Given the upheaval caused by Covid-19, it’s an interesting time in most industries, and healthcare is no different. If you, like many other practices, are experiencing a little less patient volume, now might be a great time to focus on strategies that will yield positive returns when things pick up. One of these strategic moves might be to invest time in payer contracts.
Let’s start with a scenario: Imagine you are on the job hunt and receive a call from a potential employer letting you know that you got the job. You are excited by this news and ask about your salary. The employer replies that you should wait for your first paycheck to find out. You then ask what hours you should expect to work. Your employer responds that they will let you know if you miss your shift. Lastly, you ask where you should submit your timecard. The employer says that they will deny your paycheck for timely submission if it’s late.
While we know this scenario sounds crazy and you would never treat your employees this way, it still begs the question -- Why would you allow this sort of relationship with your insurance payers? In most practices, payers make up 70-80% of the revenue, but most providers do not know what is in their contracts. Knowing your contracts can empower you to collect even more and protect your practice.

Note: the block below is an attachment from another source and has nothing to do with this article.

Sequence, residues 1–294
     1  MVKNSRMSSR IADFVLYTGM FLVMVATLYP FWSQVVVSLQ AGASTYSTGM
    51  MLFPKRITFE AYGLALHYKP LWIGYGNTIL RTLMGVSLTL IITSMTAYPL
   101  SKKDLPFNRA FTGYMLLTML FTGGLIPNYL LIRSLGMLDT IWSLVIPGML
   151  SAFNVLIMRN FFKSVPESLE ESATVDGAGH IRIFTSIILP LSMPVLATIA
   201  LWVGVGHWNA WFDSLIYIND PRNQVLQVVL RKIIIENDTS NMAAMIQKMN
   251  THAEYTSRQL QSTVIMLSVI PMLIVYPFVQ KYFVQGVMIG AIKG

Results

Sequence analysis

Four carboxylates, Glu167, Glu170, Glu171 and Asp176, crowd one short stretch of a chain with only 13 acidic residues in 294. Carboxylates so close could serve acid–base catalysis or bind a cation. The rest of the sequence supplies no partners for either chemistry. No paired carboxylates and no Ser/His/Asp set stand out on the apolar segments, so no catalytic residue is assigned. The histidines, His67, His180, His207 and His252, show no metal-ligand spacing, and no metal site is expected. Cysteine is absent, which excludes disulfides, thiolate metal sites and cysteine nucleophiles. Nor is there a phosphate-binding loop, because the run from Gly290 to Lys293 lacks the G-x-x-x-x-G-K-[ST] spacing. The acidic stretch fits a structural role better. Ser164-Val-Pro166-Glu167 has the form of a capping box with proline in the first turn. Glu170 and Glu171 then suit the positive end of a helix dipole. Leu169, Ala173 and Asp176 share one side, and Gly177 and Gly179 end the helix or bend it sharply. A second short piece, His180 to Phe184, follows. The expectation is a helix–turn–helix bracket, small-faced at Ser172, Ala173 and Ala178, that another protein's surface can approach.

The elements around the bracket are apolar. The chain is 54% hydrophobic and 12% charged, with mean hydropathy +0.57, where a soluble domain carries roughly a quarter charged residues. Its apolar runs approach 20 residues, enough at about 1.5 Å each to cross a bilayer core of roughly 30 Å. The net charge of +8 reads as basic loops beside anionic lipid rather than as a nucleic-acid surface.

The main reason you may not have a copy of your contract with a payer or know what they contain is because collecting them can be hard. And while it is your contract, with your signature, it can still take a significant amount of time (weeks or months) to obtain after requesting them. Plus, once requested, it can take a diligent follow-up effort (phone call, emails, fax request, payer portals, mail, or direct rep outreach) from you and your team to finally secure the contract.
Now that we know how difficult it can be to obtain payer contracts, running a good process for compiling them is key. The following are a few tried and true tips to help you meet your goals:
Collecting and compiling payer contracts might feel like a daunting undertaking at first, but now is the time to take it on. You have a right to your contracts, and understanding what they contain will lead to more empowered decision making and added value to your practice.